Astros Cheating Scandal: Do Scorned Bettors Have Any Legal Recourse?
Tim Warner/Getty Images. Pictured: Jose Altuve hits two-run HR
By now, we know the Houston Astros cheated during their 2017 World Series season and again in 2018, using cameras and a trash can to notify their hitters when specific pitches were coming. Major League Baseball confirmed as much this week.
There had been no allegations of the Astros cheating this past season, when they lost in the World Series to the Washington Nationals, until Thursday. Multiple Internet sleuths and current MLB players alleged Houston evolved to using buzzers instead of banging on a trash cash to gain an advantage.
And with this speculation out there, the betting world has officially taken notice.
“The Astros cheated,” PointsBet wrote on its Twitter account. “The Yankees lost. PointsBet is refunding ALL Yankees AL Futures and World Series Futures Bets in full!”
“In total, we’ll be refunding over five figures across hundreds of bets,” said company spokesman Patrick Eichner. ”The Yankees were obviously among our most popular futures bets.”
Most sportsbooks won’t be as generous. House rules stipulate that a bet is graded on the day of event and there is no turning back. But can bettors force sportsbooks to pay them back?
That could come down to what Major League Baseball executives knew and when did they know it. And, as has been alleged, is there something their investigation didn’t either discover or didn’t publicly disclose — such as buzzers potentially worn by Astros players?
Such questions could be asked should a class action lawsuit be filed on behalf of bettors who lost money wagering against the Astros on their runs the World Series in 2017 and 2019.
“I don’t think an individual bettor would have standing to bring a class action lawsuit,” Attorney Jeff Ifrah, one of the foremost authorities on gambling law. “Those frustrated fan lawsuits never work. But I do think a government agency or a state attorney general could at least get by attempts at motions to dismiss.”
Federal agencies and state laws often have broad definition of what can constitute fraud and deception, which makes it possible for such a case to pass by initial barriers that has typically stunted unsuccessful cases brought by fans.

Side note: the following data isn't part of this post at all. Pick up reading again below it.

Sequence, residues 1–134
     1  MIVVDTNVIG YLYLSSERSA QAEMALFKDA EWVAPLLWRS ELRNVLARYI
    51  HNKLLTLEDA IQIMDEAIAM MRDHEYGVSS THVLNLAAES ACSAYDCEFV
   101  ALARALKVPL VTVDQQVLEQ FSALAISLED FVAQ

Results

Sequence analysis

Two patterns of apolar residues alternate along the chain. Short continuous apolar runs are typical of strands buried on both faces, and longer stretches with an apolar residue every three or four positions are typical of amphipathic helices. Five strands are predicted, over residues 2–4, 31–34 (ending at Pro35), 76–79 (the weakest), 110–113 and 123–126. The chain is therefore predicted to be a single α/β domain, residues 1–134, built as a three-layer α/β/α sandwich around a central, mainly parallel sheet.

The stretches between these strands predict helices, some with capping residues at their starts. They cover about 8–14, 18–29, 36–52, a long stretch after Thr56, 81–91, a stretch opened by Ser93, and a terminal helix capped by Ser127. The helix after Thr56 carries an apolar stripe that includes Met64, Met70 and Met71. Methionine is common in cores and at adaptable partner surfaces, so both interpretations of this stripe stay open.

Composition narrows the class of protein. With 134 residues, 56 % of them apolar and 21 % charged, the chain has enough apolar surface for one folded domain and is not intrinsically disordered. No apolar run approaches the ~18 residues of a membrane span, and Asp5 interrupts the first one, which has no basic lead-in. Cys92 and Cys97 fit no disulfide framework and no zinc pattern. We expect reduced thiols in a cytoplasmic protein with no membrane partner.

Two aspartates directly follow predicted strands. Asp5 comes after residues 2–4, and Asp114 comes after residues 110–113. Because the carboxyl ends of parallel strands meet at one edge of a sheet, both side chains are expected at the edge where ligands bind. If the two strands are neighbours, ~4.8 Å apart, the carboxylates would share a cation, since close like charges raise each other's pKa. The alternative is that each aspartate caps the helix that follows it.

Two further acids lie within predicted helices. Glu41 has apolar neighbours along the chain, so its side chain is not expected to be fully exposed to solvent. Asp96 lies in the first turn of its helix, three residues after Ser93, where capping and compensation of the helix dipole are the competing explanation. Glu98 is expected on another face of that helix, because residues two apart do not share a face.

Ifrah says the Major League Baseball is more liable than ever before to such a suit because, along with accepting gambling money — mostly in the form of selling its official data to sportsbooks — the league is affirming that its games are fair and uncompromised.
Baseball, as well as other leagues, has asked states to allow them to take an integrity fee for the price of keeping up with the cost of maintaining integrity in the face of more gambling dollars, but it is has thus far been unsuccessful.
“They can’t say, ‘You can’t sue us’ anymore,” Ifrah reasoned. “They’ve been running around state legislatures telling them how they ensure the integrity of the game.”
A class-action suit is still a longshot, but baseball would face significant exposure based on how wide the class was determined to be.
Baseball gets extremely lucky in that the Supreme Court’s decision legalized gambling seven months after the Astros won it all in 2017, meaning fewer bettors could have a legal case.
But in Nevada alone, there could have been millions compromised.
In 2017, for example, when the Astros won it all, it’s assumed that someone who bet on the Los Angeles Dodgers, who lost to the Astros, in the World Series, would have standing. But could a case be made for someone who lost a bet that the Angels, and not the Astros, would win the AL West? Or Boston, who lost to the Astros, to win the ALDS? Or the Yankees, who lost AL Pennant it the Astros, were the rightful winner?
The Astros’ cheating scandal has wide-ranging impact as we’ve seen from the firing of Astros manager A.J. Hinch and Red Sox manager Alex Cora and the resignation of Mets manager Carlos Beltran. There’s a chance that the betting world will get to take its shot at retribution sometime soon.